Movers for Moms Supports Families in Shelters

Movers for Moms Supports Families in Shelters

Annual campaign coordinated by Two Men and a Truck franchises.

The nonprofit FACETS collected donations received from the Movers for Moms campaign.

The nonprofit FACETS collected donations received from the Movers for Moms campaign.


The nonprofit Bridges to Independence in Arlington received donations from the Movers for Moms campaign.

Despite the surge in parenting advice and information resources, some of the most spirit-breaking defeats happen when plans go astray, leaving parents suddenly without the means to meet even the most basic needs of their children. Parents in these situations count on community support.

And for a considerable number of moms, this kind of support comes from the national moving company Two Men and a Truck. Every spring, in the weeks leading up to Mother’s Day, Two Men and a Truck locations all over the country — including the three Northern Virginia franchises — hold their Movers for Moms campaigns. Through this charity drive, they collect donations for mothers in shelters.

“During this year’s Moving for Moms campaign, we collected around 1,200 donations.” said Gabby Bonilla, marketing coordinator for Two Men and a Truck. “It was an overall really successful charity drive that ended May 4, so we were able to drop off all the donated items to the shelters we partnered with, all in time for Mother’s Day. They were thrilled because this isn’t the time of year when they get a lot of donations. We were happy to provide things so that moms could have a decent Mother’s Day.”

Bonilla organized Movers for Moms this year on behalf of all three Northern Virginia locations of Two Men and a Truck — in Arlington, Herndon and Springfield. A national franchise, the business has had a local presence since the Springfield location opened in 2013. The local team held its first Movers for Moms campaign in 2014, so it didn’t take the local franchise long to start conducting nonprofit work alongside the growing business.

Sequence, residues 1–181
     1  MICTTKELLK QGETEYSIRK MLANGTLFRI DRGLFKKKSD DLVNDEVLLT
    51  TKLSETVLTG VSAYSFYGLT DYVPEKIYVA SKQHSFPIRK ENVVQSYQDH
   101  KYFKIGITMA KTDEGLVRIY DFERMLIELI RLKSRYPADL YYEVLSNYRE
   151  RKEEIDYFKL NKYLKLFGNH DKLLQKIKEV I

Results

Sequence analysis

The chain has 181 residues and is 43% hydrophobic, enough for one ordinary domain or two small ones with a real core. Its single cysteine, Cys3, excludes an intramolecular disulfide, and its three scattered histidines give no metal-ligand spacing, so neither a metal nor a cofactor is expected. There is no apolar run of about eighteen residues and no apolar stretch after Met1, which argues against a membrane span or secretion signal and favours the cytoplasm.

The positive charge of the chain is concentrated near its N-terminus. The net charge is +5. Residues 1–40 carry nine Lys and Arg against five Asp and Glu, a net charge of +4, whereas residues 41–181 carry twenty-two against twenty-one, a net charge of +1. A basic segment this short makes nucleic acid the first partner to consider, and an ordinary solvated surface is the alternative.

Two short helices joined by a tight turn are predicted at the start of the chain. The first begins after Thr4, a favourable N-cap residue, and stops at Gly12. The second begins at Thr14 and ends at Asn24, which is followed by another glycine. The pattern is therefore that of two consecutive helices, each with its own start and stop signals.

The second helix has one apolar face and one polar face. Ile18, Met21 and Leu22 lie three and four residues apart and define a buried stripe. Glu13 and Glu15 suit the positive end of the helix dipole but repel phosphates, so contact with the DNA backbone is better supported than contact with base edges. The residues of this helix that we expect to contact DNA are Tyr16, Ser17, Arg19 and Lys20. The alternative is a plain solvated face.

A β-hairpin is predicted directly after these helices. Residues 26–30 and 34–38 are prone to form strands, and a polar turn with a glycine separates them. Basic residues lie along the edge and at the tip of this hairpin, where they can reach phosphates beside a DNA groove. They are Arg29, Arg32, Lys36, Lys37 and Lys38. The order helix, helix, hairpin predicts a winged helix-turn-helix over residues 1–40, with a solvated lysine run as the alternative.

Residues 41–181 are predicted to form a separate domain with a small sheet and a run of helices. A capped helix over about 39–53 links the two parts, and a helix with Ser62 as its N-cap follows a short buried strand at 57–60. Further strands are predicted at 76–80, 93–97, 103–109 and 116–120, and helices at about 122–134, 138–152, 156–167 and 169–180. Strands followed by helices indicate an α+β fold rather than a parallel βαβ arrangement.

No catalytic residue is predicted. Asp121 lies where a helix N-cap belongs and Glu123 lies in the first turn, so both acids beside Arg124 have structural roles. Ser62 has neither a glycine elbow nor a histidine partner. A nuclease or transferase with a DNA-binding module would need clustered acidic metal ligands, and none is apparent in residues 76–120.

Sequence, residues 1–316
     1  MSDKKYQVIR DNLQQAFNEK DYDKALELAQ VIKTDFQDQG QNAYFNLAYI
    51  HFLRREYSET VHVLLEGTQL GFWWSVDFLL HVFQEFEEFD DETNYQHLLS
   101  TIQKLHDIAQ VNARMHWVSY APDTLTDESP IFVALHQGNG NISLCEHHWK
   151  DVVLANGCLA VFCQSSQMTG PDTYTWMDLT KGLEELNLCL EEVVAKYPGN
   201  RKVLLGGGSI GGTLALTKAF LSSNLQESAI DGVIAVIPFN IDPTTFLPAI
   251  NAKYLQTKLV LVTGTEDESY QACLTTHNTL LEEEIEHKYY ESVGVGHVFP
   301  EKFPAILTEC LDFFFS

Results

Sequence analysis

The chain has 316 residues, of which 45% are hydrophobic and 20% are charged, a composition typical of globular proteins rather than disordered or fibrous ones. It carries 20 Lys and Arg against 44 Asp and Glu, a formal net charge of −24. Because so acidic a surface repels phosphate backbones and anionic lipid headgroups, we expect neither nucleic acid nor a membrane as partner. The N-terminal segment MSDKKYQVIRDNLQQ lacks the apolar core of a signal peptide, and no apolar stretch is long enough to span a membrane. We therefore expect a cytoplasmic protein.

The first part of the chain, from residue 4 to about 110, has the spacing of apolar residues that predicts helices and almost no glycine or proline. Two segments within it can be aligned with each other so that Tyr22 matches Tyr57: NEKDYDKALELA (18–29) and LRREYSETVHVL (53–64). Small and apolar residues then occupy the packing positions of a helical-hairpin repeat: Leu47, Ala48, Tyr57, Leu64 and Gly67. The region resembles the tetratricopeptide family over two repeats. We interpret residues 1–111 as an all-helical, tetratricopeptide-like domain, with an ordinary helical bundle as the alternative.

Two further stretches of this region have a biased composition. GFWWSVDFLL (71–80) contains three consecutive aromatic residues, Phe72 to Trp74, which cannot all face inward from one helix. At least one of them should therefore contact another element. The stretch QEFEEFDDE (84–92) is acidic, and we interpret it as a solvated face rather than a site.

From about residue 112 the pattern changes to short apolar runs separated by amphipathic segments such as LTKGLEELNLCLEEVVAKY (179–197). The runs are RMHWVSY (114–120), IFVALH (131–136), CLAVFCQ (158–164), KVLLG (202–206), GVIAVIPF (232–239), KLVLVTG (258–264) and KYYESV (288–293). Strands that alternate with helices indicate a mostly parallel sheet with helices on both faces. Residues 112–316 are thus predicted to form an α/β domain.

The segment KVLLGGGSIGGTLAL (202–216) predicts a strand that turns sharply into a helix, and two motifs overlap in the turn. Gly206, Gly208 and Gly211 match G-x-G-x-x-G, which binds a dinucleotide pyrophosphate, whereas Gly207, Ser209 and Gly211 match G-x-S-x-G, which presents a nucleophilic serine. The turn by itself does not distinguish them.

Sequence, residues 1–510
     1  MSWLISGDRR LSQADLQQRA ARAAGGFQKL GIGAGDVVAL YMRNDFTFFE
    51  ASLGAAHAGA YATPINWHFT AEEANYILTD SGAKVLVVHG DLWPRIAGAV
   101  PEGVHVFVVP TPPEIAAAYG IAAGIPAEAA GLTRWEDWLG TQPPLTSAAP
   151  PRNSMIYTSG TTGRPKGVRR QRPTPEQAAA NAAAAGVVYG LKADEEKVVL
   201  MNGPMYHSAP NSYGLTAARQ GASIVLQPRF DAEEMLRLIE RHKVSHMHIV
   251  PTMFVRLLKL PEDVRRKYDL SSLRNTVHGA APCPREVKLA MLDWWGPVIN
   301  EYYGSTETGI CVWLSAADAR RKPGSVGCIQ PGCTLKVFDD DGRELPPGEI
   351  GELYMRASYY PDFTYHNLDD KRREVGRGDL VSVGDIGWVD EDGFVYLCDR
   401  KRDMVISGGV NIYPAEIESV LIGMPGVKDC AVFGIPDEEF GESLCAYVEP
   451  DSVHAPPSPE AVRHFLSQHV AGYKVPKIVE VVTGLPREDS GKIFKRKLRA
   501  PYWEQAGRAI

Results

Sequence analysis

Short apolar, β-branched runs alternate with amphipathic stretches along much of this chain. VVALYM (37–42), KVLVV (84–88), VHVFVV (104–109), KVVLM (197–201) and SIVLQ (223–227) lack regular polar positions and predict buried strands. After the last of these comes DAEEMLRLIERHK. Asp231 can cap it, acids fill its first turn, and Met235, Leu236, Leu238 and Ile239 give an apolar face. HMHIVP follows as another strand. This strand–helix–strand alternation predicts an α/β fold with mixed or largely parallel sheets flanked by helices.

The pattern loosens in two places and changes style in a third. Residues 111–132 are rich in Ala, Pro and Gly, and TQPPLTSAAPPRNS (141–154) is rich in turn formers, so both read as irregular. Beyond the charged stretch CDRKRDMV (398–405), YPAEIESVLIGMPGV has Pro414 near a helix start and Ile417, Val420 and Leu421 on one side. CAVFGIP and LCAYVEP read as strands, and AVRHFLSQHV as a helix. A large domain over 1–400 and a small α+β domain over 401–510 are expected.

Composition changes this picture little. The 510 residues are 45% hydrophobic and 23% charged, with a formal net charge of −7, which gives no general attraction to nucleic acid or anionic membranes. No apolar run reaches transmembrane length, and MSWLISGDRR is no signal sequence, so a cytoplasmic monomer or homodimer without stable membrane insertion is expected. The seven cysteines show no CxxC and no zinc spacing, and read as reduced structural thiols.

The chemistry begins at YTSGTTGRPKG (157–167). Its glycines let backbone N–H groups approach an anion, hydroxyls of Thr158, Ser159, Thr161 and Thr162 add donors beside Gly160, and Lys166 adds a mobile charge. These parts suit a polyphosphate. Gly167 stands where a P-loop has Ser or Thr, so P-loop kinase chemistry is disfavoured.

“One of my favorite quotes is Ronald Reagan’s line, ‘We can't help everyone, but everyone can help someone,’” Bonilla said. “This is my second year hosting the drive in this area and what I love about it, besides making a difference in the community and helping those in need, is getting to meet more people and businesses in the Northern Virginia area with my team. ​Last year, our team collected a little over 1,000 donations. Our goal this year was to surpass that, and next year, even more so.”

As part of this movement to honor mothers, Two Men and a Truck partners with businesses that then become designated donation drop-off locations. This year, there were 19 of these spots around the area.

On the other side of the equation, Two Men and a Truck also partners with local homeless shelters, where the donations will ultimately go. For the campaign, they ask for everyday items — the things so many people take for granted.

“With Northern Virginia being such a high-income metropolitan area, our community is able to help by donating items that we use every day,” she said. “Something as little as canned food, or toiletries, can make a huge difference in someone else’s world. This year we got a lot of baby wipes. We knew the shelters we partnered with needed a lot of baby care items and perishable food, so we specified this need to the community.”